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And for his fifth offensive coordinator since the beginning of the 2016 season, it appears Nick Saban will stay in-house.

Exactly one week ago, Maryland announced that Alabama offensive coordinator Mike Locksley had been named as the Terrapins’ next head football coach.  While Locksley will remain with the Crimson Tide through the playoffs, Saban has apparently gone about the business of replacing him as FootballScoop.com is reporting that Dan Enos will be the team’s coordinator moving forward.

Enos spent the 2018 season, his first in Tuscaloosa, as the Tide’s quarterbacks coach.  He also carries the title of associate head coach.

Enos, who was a candidate for the Kansas job that ultimately went to Les Miles, was the head coach at Central Michigan for five seasons (2010-14).  After posting a 26-36 record with the Chippewas, which included a 7-6 mark in 2015, Enos abruptly left the MAC school to take the offensive coordinator job at Arkansas in January of 2015.  With Bret Bielema fired shortly after the end of the 2017 season, the 50-year-old Enos took a job on Jim Harbaugh‘s coaching staff in early January of this year… only to leave less than three weeks later for Alabama.

The coordinator job at Arkansas was Enos’ first at the FBS level.  And, as previously noted, Enos would be Saban’s fifth coordinator in less than three full seasons.

One week before the national championship game for the 2016 season, and after he was initially expected to remain in his job through the playoffs, it was announced that Lane Kiffin would be leaving Alabama for the head-coaching job at Florida Atlantic, effective immediately.  Kiffin was replaced by Steve Sarkisian, who called plays in the title game but then left a month later for a job in the NFL.  Brian Daboll replaced Sarkisian and lasted one season coordinating the Tide’s offense before he too left for the NFL.  Daboll remained with the Tide through their playoff run last season.

Tim Brown’s 1987 Heisman fetches record price at auction

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Tim Brown has registered another entry on his record-setting résumé, albeit indirectly.

Last month, it was reported that Brown’s 1987 Heisman Trophy, which he sold to a private collector a year ago, would be going up for auction.  After online bidding began on Nov. 19 and closed Dec. 5, Sports Collectors Daily has reported that the stiff-armed trophy won by the former Notre Dame wide receiver sold for $435,763 over the weekend.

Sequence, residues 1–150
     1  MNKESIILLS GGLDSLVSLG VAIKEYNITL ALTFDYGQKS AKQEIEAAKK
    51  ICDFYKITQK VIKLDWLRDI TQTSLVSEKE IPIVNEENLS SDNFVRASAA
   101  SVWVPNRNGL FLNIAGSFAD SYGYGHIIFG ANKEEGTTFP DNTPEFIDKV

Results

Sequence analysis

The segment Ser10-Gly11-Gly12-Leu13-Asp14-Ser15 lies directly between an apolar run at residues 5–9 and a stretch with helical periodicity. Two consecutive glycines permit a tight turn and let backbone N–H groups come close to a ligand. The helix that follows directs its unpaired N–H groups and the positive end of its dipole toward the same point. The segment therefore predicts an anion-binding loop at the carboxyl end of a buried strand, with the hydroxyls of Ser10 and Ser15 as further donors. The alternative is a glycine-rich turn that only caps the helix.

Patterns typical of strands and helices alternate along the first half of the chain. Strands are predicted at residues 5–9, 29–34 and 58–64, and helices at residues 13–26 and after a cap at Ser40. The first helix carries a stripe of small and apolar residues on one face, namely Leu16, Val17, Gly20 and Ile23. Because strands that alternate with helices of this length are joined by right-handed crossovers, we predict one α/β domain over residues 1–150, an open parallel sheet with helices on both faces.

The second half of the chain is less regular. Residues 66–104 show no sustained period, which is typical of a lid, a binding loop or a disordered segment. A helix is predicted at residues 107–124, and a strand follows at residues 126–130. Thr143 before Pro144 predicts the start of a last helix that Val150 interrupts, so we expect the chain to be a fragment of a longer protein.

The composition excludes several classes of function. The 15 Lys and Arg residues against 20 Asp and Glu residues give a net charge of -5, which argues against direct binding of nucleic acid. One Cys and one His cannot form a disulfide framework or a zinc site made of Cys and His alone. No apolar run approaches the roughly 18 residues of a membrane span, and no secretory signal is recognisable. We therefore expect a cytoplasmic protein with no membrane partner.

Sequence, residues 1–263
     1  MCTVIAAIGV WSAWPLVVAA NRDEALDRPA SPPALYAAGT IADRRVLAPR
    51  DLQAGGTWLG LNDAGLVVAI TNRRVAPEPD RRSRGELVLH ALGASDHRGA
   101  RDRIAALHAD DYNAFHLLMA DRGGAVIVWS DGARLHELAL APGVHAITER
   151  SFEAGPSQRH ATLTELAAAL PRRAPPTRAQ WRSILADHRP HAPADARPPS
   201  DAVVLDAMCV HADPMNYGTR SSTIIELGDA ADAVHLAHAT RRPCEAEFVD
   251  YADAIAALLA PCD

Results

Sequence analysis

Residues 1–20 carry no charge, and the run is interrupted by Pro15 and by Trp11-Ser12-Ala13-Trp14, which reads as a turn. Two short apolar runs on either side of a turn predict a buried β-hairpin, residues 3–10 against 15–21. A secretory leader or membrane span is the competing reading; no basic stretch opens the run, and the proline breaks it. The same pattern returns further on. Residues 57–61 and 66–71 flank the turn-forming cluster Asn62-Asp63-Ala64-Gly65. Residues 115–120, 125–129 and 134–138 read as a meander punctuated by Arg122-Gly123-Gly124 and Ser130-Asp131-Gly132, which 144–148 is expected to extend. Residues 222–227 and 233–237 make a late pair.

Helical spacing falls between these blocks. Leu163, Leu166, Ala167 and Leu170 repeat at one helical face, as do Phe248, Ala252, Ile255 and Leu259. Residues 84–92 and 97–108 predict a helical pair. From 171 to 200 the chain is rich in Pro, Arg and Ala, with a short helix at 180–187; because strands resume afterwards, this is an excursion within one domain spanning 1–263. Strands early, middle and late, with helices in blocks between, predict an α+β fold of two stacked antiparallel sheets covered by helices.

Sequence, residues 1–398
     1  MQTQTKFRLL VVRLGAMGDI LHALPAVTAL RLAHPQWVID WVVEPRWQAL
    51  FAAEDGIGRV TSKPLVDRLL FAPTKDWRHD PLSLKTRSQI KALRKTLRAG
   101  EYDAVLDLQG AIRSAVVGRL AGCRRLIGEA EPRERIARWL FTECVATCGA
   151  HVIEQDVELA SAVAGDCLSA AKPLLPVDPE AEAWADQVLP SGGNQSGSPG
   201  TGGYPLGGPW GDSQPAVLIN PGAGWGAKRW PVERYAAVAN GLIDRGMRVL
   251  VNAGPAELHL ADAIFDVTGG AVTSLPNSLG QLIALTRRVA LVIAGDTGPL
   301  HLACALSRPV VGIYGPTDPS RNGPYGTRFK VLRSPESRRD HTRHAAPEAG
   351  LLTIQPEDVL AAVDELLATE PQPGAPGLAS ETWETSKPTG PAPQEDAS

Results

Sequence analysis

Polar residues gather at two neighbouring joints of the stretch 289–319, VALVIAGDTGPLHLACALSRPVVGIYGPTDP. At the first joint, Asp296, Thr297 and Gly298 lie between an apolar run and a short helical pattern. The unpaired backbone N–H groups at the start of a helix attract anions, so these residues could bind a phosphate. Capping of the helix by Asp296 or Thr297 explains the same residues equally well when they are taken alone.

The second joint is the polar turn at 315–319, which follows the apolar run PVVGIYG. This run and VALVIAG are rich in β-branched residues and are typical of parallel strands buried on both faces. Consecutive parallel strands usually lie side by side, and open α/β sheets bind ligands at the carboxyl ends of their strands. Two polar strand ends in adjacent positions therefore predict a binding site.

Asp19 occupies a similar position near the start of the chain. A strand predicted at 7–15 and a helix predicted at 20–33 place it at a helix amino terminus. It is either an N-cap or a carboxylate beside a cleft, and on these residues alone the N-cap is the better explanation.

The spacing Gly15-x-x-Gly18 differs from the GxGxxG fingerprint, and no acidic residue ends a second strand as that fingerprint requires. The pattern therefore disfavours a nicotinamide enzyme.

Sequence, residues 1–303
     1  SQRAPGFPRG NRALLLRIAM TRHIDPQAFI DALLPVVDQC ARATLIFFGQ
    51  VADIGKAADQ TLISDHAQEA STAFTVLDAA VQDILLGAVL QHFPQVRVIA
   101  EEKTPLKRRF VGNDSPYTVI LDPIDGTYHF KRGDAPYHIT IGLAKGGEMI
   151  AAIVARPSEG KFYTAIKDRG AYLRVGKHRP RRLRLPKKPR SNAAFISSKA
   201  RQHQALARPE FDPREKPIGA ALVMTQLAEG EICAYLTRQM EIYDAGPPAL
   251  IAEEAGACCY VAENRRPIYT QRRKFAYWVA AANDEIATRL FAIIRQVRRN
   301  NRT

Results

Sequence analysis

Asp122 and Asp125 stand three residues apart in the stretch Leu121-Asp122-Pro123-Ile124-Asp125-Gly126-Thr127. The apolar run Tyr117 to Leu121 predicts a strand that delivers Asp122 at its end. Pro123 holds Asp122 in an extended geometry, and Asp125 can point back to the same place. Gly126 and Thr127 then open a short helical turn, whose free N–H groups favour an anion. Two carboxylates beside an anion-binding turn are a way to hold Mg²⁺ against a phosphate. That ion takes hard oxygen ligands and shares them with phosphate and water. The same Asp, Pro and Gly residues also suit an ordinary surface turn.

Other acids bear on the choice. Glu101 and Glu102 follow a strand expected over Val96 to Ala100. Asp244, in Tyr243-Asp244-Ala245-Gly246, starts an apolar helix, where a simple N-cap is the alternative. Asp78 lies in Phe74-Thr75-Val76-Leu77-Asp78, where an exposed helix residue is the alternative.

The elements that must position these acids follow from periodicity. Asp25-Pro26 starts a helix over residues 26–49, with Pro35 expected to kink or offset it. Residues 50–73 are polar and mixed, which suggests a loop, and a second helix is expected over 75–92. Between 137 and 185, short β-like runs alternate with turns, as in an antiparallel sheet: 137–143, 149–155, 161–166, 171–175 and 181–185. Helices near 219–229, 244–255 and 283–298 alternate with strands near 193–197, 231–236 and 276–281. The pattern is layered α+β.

It’s believed it’s the highest amount ever paid for a Heisman.

“We believe this is one of the most significant trophies to ever be offered at auction and collectors agreed as the bidding was fierce,” said Ken Goldin, founder of Goldin Auctions. “It’s rare when a Heisman becomes available and even more unusual for it to be from an NFL Hall of Famer who played at the most storied college football program.”

Earlier this year, the Heisman Trophy of the late Colorado running back Rashaan Salaam sold for nearly $400,000, a record number for such an award at the time.

The family of Yale running back Clint Frank sold his 1937 trophy in October of this year for $317,000.  O.J. Simpson’s 1968 Trophy sold for $255,000 in 1999, while another former USC running back, Charles White, sold his Heisman for $184,000 in 2000.

Beginning in 1999, winners of the Heisman Trophy have been barred from selling their trophies by the trust that oversees the honor.

Report: Butch Jones leaving Alabama for job at Maryland

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College Park is taking on a decidedly Tuscaloosa feel to it.

Earlier this month, Maryland confirmed that it had hired Alabama offensive coordinator Mike Locksley as its next head football coach.  Citing multiple sources with knowledge of the situation, 247Sports.com is now reporting that Butch Jones is leaving Nick Saban‘s program for a spot on Locksley’s Terrapins coaching staff.

Jones, who met with Locksley earlier this month before agreeing to take the job, is expected to serve as the Terps’ tight ends coach.  He’ll also carry the title of associate head coach for the Big Ten program.

In March of this year, Saban added Jones to his Alabama football staff as an offensive analyst.  Jones, of course, was the head coach at rival Tennessee for nearly five seasons before he was summarily dismissed in mid-November of last year.

Jones last served as a tight ends coach in 1998 at Central Michigan; he was last a position coach at West Virginia (2005-06).

Per the terms of his UT contract, Jones will be paid just north of $8 million in the form of a buyout, minus whatever he was to make at future jobs through February of 2021.  He made $35,000 as an analyst at Alabama this year.